Breaking the China-Taiwan Impasse

By Donald S. Zagoria; Chris Fugarino | Go to book overview

CHAPTER 1

Cross-Strait Relations and the United States

Robert A. Scalapino

Relations between mainland China and Taiwan are presently marked by a seeming paradox that has become more pronounced in the recent past. On the one hand, economic intercourse between the two parties has grown explosively. On the other hand, the political impasse continues, with the December 2001 elections signaling the likelihood that the deep political gulf is likely to remain for the foreseeable future.

Certain details concerning this situation are warranted. Investment in China from Taiwan now totals some U.S. $60 billion, and certain sources regard the accurate figure as being larger. Approximately one-half of Taiwan's business establishments are now engaged in production in China. Moreover, cross-strait trade was nearly U.S. $15 billion for the first six months of 2001, and although that represented a 6 percent decline from the previous year, it is still a major factor in the Taiwan economy, since some 50 percent of gross domestic product comes from exports, with the information technology (IT) industry accounting for 35 percent of all exports.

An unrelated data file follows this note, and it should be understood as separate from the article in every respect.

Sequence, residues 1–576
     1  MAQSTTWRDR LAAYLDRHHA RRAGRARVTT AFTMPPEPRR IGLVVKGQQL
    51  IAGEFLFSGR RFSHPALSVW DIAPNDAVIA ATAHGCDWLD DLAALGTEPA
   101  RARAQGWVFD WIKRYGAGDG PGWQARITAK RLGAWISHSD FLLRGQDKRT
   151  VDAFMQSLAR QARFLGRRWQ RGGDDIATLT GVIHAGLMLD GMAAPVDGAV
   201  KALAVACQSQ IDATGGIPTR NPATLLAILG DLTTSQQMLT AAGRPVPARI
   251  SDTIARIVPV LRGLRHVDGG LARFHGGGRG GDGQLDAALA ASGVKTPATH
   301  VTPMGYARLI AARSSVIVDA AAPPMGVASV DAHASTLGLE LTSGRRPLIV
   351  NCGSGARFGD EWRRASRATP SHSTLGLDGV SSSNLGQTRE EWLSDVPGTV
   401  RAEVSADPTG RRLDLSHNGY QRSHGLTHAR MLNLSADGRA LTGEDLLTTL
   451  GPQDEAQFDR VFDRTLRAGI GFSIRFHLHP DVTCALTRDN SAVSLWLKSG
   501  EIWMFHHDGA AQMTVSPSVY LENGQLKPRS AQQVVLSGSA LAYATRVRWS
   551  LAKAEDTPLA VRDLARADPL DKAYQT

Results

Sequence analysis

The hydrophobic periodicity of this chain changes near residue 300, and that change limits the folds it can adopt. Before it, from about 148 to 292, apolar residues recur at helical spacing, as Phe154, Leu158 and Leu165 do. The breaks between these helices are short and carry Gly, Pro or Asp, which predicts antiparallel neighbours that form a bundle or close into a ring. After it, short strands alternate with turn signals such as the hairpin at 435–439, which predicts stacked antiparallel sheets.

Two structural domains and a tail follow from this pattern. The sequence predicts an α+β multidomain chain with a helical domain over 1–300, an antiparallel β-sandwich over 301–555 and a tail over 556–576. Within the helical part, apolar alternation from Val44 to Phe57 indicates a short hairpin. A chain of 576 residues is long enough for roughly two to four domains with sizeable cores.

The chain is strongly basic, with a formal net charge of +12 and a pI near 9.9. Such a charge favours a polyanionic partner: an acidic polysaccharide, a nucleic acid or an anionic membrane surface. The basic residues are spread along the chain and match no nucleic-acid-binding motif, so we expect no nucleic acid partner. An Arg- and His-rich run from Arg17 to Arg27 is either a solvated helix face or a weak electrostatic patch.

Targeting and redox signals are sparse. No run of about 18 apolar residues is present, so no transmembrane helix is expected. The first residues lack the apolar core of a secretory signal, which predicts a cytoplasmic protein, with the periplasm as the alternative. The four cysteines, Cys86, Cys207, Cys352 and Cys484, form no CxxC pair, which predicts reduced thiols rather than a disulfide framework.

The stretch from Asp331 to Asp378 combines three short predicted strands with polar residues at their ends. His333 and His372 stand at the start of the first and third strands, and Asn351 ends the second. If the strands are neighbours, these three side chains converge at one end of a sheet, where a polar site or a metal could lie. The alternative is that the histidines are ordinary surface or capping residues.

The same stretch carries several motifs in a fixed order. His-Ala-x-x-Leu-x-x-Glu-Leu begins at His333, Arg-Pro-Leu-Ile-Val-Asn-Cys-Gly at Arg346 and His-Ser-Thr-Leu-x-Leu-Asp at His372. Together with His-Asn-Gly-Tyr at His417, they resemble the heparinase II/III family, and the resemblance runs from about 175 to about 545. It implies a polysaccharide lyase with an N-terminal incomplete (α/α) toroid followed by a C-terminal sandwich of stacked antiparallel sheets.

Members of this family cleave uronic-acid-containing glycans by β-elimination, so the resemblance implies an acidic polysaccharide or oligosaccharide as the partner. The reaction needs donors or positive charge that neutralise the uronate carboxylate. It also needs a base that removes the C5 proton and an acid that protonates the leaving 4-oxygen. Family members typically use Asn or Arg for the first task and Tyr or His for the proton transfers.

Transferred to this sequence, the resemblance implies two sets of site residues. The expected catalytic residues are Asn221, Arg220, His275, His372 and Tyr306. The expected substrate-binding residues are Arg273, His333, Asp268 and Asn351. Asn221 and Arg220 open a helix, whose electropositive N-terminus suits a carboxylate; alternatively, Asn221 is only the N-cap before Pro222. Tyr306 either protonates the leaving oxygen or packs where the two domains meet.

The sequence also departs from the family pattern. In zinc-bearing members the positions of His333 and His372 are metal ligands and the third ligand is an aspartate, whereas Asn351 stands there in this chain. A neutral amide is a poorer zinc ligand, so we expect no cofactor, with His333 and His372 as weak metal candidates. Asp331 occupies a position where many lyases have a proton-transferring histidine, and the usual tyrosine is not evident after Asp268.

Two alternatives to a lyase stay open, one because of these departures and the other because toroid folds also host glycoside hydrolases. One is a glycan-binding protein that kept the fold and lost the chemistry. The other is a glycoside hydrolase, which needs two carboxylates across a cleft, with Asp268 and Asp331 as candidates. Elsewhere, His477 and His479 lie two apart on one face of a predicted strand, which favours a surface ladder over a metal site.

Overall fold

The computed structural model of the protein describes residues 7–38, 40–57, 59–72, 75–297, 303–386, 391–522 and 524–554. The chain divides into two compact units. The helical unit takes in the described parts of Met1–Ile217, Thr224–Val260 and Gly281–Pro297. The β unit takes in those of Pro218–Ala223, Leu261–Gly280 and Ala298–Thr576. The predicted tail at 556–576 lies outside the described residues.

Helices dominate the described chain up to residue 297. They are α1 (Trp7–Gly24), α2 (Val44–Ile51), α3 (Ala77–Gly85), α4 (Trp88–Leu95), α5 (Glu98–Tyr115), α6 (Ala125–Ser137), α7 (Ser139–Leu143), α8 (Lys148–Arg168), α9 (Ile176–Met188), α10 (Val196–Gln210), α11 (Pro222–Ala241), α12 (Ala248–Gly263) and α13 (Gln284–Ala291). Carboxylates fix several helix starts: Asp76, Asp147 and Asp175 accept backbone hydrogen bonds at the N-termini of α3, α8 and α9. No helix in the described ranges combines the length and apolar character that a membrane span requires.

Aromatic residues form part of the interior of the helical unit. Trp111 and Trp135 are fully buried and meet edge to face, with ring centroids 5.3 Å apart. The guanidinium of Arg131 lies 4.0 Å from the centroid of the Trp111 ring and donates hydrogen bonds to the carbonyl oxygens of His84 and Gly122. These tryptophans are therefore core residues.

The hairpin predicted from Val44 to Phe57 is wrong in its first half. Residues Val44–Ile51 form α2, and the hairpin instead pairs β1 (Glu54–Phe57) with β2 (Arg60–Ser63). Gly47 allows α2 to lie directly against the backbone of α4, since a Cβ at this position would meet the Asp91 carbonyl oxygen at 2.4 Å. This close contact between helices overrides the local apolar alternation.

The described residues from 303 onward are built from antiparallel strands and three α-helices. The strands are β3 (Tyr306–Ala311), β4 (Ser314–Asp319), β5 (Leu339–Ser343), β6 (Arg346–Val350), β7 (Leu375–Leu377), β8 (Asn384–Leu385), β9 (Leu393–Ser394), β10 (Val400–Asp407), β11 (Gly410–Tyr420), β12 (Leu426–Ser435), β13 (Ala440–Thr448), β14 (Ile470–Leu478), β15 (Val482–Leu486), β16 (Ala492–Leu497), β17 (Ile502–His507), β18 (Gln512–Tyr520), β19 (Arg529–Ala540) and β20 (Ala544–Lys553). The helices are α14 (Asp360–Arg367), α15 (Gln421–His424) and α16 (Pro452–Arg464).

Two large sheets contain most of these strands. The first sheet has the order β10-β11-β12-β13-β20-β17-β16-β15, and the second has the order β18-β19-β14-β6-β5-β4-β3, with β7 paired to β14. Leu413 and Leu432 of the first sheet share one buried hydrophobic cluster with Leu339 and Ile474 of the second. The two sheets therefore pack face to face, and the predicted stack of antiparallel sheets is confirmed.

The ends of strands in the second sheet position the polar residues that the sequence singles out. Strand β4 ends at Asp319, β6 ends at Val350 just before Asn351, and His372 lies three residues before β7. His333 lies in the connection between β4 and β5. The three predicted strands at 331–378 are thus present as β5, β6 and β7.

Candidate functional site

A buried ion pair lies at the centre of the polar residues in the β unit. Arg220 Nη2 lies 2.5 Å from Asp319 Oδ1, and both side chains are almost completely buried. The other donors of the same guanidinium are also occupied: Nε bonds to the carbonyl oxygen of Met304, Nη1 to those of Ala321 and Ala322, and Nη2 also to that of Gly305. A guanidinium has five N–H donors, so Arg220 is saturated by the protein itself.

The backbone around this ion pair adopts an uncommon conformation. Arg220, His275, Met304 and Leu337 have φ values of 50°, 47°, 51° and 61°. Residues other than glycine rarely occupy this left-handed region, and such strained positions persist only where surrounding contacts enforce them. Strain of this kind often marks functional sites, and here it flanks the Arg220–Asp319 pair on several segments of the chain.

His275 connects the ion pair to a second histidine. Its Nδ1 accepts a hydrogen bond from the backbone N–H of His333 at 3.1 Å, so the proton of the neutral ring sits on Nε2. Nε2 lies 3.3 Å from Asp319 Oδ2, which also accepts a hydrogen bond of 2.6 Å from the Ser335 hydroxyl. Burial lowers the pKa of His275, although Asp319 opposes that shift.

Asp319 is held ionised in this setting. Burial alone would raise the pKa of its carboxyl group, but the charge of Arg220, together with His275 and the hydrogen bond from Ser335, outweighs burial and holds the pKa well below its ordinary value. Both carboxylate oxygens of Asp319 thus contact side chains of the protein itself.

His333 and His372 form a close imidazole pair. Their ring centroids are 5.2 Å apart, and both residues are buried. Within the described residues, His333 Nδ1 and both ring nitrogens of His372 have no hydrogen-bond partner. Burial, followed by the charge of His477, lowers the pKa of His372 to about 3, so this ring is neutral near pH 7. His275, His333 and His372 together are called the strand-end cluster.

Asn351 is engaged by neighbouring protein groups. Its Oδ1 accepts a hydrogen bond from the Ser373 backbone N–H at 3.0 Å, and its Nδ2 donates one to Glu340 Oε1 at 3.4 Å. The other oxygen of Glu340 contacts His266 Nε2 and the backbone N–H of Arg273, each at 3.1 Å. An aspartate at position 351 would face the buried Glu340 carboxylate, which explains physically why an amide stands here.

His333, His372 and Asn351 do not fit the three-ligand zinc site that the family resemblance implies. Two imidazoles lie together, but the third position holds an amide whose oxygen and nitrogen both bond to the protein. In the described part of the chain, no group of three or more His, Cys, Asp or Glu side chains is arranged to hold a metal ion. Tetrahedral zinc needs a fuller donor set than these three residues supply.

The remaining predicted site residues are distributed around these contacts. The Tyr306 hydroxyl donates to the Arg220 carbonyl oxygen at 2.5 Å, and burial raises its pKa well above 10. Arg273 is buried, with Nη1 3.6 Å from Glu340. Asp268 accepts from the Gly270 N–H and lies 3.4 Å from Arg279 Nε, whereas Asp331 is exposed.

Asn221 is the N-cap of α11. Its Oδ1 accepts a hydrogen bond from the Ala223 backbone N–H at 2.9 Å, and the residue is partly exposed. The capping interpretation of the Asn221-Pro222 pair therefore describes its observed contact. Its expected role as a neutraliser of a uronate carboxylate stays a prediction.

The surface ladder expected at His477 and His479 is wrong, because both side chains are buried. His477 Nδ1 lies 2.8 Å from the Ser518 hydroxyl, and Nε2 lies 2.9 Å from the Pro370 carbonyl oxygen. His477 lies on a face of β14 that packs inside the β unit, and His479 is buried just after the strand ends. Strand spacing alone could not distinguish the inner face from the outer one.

The great bulk of Taiwan's economic activity on the mainland has been concentrated in the coastal regions and especially Shanghai. In the latter region, it is estimated that there are presently 250,000-300,000 Taiwan residents. Symbolic of the trends is the agreement between the government-owned oil companies of the two sides to undertake a joint venture in gas and oil drilling in the strait that began in early 2002, upon approval by the Taiwan Mainland Affairs Council.

The change in the official Taiwan government exhortation regarding cross-strait economic activities from “go slow, be patient” to “active opening, effec-

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